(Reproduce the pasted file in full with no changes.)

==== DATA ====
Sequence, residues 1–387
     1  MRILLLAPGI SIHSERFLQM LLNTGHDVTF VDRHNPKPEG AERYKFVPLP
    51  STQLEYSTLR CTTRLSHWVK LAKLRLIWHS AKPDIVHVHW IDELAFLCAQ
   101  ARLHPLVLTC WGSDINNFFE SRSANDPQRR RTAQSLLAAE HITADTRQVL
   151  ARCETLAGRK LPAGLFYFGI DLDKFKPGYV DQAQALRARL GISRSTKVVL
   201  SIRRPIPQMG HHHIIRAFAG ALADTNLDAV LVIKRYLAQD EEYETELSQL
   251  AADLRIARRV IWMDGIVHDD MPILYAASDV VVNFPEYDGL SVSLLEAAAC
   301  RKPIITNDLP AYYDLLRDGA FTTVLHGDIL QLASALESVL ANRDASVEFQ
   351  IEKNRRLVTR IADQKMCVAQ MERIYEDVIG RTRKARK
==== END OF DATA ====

Sequence, residues 1–387
     1  MRILLLAPGI SIHSERFLQM LLNTGHDVTF VDRHNPKPEG AERYKFVPLP
    51  STQLEYSTLR CTTRLSHWVK LAKLRLIWHS AKPDIVHVHW IDELAFLCAQ
   101  ARLHPLVLTC WGSDINNFFE SRSANDPQRR RTAQSLLAAE HITADTRQVL
   151  ARCETLAGRK LPAGLFYFGI DLDKFKPGYV DQAQALRARL GISRSTKVVL
   201  SIRRPIPQMG HHHIIRAFAG ALADTNLDAV LVIKRYLAQD EEYETELSQL
   251  AADLRIARRV IWMDGIVHDD MPILYAASDV VVNFPEYDGL SVSLLEAAAC
   301  RKPIITNDLP AYYDLLRDGA FTTVLHGDIL QLASALESVL ANRDASVEFQ
   351  IEKNRRLVTR IADQKMCVAQ MERIYEDVIG RTRKARK